Can you develop empathy?

Empathy, if seen as a skill necessary for the improvement of our relationships with others, can be developed using various methods. Most importantly, the key persons in a child’s education and upbringing need to role-model empathic behavior.

Science has also shown that empathy can be taught.

You can implement educational activities that encourage the development of empathy using various methods such as experiential learning, practicing skills, and didactic teaching. Practicing empathy increases students’ tolerance, academic performance, emotional intelligence, prosocial behavior, and can prevent prejudice and aggression. (Bošnjaković, Radionov, 2018)

Marilyn Price-Mitchell suggests 6 habits a teacher can contribute with to the development of empathy of his students:

  1. Build rapport with your students. Let them know you care about them.
  2. Build your students’ self-confidence by being their mentor.
  3. Teach students to be responsible and active citizens who act as carriers of change in their community.
  4. Be a role-model in your work and inspire them to also give their best at what they do.
  5. Expose your students to different opinions and worldviews.
  6. Use service-learning to connect the content of your lessons with real life in the community.

Experiencing empathy on an Outward Bound course

Since Outward Bound outdoor education courses aim at developing children’s and youngsters’ social skills, the development of empathy and compassion are right at their core.

So, how does outdoor experiential learning develop participants’ empathy?

An important feature of the course is that it encompasses a group of participants who are focused and dependent on each other. It is not possible for the team members not to cooperate, while it’s up to them to discover how to make cooperation on their outdoor adventure more efficient.

David Kolb’s experiential learning model implies that after conducting an activity, the participants need to engage in a facilitated discussion to reflect on their experience.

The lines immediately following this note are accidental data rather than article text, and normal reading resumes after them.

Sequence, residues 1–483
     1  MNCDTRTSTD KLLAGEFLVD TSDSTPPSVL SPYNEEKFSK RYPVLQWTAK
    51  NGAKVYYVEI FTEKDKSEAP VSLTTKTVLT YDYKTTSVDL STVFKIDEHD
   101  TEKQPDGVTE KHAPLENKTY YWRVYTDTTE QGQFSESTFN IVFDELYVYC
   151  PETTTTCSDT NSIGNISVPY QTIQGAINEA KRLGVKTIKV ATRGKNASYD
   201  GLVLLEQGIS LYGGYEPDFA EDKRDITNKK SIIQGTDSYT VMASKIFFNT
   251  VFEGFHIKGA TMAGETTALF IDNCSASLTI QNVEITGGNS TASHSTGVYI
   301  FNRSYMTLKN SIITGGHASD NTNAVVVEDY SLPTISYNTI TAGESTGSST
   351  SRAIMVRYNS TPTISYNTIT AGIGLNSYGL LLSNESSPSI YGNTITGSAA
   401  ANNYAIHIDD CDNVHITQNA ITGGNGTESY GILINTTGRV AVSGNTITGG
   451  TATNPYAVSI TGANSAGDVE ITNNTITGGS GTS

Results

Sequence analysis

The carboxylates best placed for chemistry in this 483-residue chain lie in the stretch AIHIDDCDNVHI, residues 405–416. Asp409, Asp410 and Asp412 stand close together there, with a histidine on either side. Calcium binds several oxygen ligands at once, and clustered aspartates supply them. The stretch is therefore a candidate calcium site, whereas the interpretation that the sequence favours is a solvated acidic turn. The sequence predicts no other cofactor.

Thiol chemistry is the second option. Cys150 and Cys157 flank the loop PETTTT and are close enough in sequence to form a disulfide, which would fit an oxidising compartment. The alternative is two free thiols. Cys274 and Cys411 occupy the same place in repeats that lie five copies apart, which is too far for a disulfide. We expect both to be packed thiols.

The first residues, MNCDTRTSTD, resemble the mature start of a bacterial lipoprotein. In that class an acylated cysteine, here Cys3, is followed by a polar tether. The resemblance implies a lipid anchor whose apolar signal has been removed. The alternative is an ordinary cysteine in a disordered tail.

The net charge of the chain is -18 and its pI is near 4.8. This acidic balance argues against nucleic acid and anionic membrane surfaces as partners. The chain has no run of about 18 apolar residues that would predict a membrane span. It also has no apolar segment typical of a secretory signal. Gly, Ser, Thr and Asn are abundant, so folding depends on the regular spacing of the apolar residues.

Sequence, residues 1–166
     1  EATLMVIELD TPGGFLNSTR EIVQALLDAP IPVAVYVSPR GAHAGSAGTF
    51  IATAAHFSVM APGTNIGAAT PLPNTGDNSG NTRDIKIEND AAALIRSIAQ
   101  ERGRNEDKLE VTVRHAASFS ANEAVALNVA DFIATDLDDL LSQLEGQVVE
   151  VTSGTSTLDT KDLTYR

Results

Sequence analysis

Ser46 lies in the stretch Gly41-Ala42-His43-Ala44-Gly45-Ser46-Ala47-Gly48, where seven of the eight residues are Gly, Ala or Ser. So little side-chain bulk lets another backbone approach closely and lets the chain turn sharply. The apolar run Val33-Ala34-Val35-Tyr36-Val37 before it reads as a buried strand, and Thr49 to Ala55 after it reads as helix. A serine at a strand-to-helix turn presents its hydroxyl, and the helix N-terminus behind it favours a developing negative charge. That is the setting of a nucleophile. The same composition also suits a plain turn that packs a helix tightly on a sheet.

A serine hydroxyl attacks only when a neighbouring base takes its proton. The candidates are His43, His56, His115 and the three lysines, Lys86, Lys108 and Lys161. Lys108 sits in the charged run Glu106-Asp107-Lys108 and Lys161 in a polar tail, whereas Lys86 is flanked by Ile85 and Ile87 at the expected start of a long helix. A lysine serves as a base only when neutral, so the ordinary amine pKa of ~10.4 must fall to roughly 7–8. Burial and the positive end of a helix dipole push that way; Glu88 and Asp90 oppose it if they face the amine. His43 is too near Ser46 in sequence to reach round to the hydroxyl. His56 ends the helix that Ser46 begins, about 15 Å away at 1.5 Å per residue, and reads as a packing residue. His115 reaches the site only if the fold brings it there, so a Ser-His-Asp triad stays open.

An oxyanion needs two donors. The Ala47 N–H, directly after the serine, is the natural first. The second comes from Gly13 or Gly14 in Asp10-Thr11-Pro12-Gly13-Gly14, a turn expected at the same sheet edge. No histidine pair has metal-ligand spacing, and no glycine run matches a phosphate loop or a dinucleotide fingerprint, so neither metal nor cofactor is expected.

The participants then share one by one their understanding of the situation. This also allows them to hear their peers’ perspectives on it and compare it with their own.

When a group is feeling unsuccessful in a certain activity, they very soon come to understand that the differences in the interpretation of the situation are what makes the communication so difficult.

This leads them to understand that the development of empathy, meaning the understanding of the experience of another person, is a prerequisite for successful cooperation and coexistence.

Conclusion

Empathy is a key competence for the development of satisfying interpersonal relationships and a base for the development of all other social skills.

Teachers, youth workers, and other educators need to keep in mind that you can develop empathy through training and that it must find its way into formal and non-formal education.

An excellent method for developing empathy in young people is outdoor experiential learning.

We’re interested to hear from you – how do you address the topic of empathy with your students?

👇 Let us know in the comments section below!  

While you’re here, have a look at our blog-post where we explain how to motivate students in the classroom. 😉

References:

Bošnjaković, J., i Radionov, T. (2018). ‘Empathy: Concepts, Theories and Neuroscientific Basis’, Alcoholism and psychiatry research, 54(2), str. 123-150. https://doi.org/10.20471/dec.2018.54.02.04

You might be interested in

Liked it? Share it!

Leave a Reply

Your email address will not be published. Required fields are marked *